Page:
Main methodology
The main methodology has been reviewed internationally through scientific papers and a doctoral thesis. The methods are described in more details in documents and publications presented under Downloads.

For selecting project specific volumetric runoff coefficients and pollutant concentrations, the users have two options: (1) select typical (default) values from the model application, or (2) use their own site-specific data.

The implemented typical pollutant concentration data for different land-uses in the application are taken from compiled data in the StormTac database, as annual event-mean concentrations (EMCs) obtained from case studies with a single specific land-use, using flow proportional sampling and analysis of stormwater from long periods, at least several months, but preferably one year or more.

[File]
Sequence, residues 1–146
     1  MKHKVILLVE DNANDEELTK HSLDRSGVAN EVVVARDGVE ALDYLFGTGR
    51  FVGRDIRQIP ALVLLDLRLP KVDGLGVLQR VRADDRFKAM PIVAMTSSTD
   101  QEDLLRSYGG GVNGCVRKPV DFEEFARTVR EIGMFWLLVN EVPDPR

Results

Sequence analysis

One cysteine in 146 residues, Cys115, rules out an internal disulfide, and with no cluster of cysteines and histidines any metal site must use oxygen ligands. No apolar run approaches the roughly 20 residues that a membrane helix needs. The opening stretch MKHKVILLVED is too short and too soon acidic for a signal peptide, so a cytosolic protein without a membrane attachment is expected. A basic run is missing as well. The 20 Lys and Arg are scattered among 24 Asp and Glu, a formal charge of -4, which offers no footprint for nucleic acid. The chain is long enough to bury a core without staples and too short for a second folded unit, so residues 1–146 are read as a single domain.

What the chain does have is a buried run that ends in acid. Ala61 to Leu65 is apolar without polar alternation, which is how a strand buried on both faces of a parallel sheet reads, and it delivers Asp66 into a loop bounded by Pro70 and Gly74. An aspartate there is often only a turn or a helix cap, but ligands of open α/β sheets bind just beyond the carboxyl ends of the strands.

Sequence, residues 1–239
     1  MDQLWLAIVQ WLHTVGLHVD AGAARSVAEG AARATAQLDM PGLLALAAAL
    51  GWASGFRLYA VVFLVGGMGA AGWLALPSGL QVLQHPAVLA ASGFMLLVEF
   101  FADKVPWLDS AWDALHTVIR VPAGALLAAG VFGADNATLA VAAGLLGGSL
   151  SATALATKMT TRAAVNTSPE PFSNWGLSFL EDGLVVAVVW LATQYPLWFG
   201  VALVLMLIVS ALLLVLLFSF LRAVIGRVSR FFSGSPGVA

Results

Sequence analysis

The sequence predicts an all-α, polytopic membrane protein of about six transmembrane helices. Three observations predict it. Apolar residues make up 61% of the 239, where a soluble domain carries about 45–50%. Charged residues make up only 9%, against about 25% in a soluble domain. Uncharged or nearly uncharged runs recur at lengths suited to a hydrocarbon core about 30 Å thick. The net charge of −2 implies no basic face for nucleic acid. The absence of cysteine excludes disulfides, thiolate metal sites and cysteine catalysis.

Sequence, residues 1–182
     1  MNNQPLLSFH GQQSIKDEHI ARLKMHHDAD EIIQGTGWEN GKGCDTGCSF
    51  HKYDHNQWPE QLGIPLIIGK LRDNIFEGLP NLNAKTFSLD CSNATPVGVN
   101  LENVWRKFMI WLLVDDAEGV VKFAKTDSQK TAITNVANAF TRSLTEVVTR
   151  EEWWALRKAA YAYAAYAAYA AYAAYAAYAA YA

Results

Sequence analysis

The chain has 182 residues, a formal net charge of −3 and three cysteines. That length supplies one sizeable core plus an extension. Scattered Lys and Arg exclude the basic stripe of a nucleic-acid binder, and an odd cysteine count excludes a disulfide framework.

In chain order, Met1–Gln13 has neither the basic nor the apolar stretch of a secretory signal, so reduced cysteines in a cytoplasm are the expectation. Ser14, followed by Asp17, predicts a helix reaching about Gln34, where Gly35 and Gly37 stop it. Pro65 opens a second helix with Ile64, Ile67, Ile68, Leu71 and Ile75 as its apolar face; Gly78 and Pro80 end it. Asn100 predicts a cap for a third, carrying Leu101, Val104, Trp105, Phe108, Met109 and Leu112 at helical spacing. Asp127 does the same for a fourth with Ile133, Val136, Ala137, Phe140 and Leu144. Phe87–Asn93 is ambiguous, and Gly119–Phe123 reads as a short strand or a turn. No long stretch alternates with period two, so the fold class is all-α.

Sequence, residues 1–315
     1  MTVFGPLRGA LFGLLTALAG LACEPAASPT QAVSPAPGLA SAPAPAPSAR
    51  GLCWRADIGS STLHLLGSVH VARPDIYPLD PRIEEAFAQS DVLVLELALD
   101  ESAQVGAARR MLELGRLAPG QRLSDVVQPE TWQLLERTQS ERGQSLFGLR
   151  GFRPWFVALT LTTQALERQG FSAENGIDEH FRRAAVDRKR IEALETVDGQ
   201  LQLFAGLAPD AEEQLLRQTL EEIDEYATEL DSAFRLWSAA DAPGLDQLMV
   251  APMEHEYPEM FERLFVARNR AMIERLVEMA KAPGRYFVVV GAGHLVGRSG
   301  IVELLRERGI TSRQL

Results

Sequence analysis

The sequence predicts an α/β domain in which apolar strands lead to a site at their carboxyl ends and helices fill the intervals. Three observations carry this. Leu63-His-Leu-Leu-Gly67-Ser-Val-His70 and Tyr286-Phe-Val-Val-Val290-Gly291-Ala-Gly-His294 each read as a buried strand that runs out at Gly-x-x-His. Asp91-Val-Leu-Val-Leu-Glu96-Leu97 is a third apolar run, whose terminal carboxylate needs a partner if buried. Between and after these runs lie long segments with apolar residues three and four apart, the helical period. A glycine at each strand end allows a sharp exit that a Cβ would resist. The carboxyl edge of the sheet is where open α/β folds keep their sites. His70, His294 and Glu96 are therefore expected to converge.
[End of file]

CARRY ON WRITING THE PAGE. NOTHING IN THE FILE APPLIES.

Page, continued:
The model has been developed to automate the calculations by using land use specific “typical” (default) values. It is best suited for long-term predictions. Site specific yearly precipitation data and rain intensities can be used.

Runoff water flow is calculated from precipitation data and land use specific runoff coefficients and areas.

For runoff and pollutant simulations with StormTac Web, users need to define the runoff contributing (sub)watershed area (A) and the groundwater collection area (the baseflow area; Ab). The runoff and groundwater watershed boundaries are generally assumed to coincide, a common and often justified assumption (SKB, 2003).

Pollutant load rate is quantified from calculated flow and from typical concentrations.

Calculations of pollutant concentrations and loads in StormTac Web are based on land use specific concentrations (Larm, 2000). There are significant differences in concentrations from different types of land-uses (Pitt et al., 2004). There are options for model users to further define and customize the selections of substances and land uses.